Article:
We have had increasing questions and interest from clients for Donor Advised Funds and we continue to be intrigued with their possibilities in financial planning, tax planning, life planning and practicing generosity. The following is an excerpt from our fourth quarter Brightwater Advisory Client Letter describing DAF’s and how they work:
There are plenty of ways to donate to charity and “Donor Advised Funds” are rapidly gaining in popularity as they have become much easier to administer. Many custodians have created easy to open and easy to give charitable account capabilities. For example, at one major custodian, you can open an account with a minimum irrevocable contribution of $5,000. “Contributions” to the DAF can be in cash or non-cash assets like appreciated public company stock or even real estate. The entire amount you contribute is eligible for a tax deduction so long as you “itemize” in the same tax year. Annual custodial account administration fees can start as a small percentage of assets (for example, less than 1%) and some are even capped at $100.00.
How Do Donor Advised Funds Work?
After you have opened your account, which can take as little as ten minutes to apply online, you can make additional contributions to the DAF at any time and you can allocate your contributions in traditional investment vehicles. Gains and income in the account are not taxed and thus increase the balance you can “grant” to charity over time.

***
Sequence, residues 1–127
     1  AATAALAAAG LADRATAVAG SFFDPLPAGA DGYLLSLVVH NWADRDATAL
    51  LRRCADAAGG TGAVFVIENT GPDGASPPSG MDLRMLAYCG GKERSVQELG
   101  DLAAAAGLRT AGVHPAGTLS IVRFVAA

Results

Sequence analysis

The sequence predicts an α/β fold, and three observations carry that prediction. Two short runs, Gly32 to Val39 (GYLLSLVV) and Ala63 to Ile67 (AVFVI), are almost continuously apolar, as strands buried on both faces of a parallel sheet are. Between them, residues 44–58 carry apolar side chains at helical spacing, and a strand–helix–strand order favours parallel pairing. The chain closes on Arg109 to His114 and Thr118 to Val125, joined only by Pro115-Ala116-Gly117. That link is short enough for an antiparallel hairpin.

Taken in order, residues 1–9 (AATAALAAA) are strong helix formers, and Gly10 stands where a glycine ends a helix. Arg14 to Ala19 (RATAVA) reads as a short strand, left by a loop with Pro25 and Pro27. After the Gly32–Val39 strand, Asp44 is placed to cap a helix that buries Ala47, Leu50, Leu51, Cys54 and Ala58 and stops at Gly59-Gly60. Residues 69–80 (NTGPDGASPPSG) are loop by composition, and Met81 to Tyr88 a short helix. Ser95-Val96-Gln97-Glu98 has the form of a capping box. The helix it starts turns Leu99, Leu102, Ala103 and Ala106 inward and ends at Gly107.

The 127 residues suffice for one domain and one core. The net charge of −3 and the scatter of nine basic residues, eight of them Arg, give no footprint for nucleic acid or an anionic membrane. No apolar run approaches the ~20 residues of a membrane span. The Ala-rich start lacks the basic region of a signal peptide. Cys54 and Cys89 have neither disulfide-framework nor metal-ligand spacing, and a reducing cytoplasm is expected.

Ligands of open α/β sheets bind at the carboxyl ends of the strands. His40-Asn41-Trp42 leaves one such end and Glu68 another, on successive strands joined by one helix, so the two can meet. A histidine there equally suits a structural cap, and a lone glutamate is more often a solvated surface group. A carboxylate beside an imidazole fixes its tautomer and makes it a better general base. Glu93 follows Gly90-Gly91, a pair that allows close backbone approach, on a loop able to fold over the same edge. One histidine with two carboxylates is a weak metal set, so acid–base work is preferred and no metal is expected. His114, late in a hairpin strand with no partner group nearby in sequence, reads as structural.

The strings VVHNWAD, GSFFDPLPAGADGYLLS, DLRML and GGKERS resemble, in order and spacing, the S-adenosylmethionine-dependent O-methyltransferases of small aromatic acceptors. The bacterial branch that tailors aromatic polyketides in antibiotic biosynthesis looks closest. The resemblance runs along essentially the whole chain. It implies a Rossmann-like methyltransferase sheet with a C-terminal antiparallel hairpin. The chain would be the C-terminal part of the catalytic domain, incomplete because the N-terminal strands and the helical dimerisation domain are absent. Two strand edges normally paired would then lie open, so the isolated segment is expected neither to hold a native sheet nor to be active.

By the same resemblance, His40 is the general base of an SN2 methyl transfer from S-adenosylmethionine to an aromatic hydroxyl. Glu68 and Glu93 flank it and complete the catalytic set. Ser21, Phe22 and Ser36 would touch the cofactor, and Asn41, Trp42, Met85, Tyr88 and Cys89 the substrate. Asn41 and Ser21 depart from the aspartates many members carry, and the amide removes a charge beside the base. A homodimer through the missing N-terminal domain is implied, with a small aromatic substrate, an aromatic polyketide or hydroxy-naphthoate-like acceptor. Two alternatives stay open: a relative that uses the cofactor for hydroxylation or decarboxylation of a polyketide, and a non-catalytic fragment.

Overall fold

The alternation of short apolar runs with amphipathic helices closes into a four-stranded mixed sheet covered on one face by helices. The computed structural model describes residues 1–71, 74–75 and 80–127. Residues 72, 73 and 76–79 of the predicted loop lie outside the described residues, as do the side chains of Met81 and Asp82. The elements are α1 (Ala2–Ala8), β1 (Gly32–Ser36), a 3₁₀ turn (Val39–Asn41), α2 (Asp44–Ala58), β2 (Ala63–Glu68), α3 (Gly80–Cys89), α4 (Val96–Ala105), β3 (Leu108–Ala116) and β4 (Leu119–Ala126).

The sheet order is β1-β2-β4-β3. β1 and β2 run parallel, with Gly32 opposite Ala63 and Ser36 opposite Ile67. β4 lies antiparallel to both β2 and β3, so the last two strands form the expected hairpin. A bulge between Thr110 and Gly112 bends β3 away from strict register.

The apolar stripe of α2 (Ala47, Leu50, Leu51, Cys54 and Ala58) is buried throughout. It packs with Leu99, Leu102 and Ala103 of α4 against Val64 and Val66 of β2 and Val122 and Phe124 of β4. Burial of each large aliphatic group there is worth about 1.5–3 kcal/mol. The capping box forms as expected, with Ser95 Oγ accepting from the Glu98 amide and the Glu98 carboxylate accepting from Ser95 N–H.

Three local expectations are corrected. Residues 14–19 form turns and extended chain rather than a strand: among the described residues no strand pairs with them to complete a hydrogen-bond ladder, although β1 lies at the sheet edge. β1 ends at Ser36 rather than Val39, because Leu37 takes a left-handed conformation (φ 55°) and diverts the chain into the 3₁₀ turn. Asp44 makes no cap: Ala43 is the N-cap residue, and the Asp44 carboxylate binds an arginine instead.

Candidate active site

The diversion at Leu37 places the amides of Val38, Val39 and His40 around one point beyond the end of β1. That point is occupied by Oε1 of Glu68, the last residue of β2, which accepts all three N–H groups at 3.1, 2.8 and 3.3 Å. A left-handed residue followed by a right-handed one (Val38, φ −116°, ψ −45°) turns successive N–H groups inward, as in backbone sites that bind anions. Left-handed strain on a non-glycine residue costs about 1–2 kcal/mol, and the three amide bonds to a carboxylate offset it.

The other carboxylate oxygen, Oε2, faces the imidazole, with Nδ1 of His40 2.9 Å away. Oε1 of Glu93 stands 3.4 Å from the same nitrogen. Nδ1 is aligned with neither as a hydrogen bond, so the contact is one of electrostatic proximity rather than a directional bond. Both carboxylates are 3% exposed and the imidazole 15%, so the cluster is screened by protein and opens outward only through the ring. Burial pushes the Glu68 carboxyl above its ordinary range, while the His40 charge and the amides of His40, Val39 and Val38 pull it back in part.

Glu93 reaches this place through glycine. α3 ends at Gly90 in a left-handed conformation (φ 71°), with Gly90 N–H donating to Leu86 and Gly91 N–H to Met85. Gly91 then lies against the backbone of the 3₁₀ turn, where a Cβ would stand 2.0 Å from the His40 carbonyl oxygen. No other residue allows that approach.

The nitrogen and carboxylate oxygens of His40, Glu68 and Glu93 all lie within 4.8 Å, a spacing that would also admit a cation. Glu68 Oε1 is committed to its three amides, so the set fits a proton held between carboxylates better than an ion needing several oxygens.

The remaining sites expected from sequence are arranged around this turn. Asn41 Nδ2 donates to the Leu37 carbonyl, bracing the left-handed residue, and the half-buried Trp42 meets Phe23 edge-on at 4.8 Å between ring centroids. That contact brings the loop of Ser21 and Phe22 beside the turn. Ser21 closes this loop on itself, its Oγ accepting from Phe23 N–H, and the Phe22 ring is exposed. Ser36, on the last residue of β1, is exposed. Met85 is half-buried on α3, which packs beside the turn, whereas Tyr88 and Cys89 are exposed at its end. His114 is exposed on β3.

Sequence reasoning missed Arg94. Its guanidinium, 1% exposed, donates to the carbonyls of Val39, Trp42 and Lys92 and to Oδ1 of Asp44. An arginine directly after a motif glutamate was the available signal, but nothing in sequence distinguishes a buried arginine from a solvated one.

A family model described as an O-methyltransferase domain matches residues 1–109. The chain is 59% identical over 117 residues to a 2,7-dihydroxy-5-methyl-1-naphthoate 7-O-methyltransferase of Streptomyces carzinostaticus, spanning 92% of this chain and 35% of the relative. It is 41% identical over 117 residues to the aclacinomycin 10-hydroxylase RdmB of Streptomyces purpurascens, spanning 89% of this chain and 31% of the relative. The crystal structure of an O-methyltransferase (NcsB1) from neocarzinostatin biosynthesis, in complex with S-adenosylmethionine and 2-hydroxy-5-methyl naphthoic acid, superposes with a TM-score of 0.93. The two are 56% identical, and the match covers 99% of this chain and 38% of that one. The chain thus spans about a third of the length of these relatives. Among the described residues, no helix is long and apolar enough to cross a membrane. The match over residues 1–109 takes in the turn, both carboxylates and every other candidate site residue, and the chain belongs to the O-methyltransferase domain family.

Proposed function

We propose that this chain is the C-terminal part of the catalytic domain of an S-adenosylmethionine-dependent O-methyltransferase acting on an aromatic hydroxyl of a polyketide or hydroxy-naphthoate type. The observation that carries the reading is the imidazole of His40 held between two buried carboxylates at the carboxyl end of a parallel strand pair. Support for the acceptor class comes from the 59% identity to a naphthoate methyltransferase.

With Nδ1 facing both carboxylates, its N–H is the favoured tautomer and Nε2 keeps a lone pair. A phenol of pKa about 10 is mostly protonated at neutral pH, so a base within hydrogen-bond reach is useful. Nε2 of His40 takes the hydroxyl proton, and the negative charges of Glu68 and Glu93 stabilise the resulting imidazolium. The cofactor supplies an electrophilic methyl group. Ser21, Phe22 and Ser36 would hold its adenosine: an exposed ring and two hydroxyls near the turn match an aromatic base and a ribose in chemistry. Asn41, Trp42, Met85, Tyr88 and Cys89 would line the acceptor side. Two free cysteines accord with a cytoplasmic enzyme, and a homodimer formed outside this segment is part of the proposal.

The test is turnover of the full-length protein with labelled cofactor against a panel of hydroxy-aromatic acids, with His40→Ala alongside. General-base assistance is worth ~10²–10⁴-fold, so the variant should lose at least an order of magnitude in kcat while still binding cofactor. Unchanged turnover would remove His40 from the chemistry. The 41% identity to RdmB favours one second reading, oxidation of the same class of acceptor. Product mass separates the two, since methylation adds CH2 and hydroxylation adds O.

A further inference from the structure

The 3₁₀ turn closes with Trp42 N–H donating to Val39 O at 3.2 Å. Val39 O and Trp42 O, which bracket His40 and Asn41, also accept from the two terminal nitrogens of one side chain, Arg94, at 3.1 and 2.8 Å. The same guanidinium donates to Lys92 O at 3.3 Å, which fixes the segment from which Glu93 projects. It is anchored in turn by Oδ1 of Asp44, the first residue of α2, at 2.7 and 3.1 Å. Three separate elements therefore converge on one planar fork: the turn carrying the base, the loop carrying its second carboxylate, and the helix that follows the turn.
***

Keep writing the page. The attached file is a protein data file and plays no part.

If you do not regularly itemize deductions for your federal taxes, then making a larger contribution in a single year in which you will itemize will be much more tax efficient than smaller contributions across several years. You can still spread your grants to charities over multiple years.
When it comes to giving to charity, some custodians will permit you to direct grants as little as $50 at any time to any IRS-qualified 501(c)(3) organization. Once you have named your charities, custodians can generate personalized letters featuring your own custom letterhead and they mail the checks, keep track of your contributions and grants, and compile an annual report for you at tax time.
When you contribute to a donor advised fund, you are making a charitable donation to a 501(c)(3) tax-exempt public charity.
Contribute cash or investments without paying capital gains taxes. When making contributions, it is best to donate highly appreciated assets you have held for greater than one year. This type of contribution will both increase the value to your charity while maximizing your tax benefit. Asset type and holding period will affect your tax deduction so please consult with your tax preparer as you evaluate your contribution and granting options.
If you are interested in learning more, please feel free to contact Barry Brindise, Associate Advisor, or David Maddux, CEO / CIO, at Brightwater Advisory. We are always happy to help folks “give” more efficiently.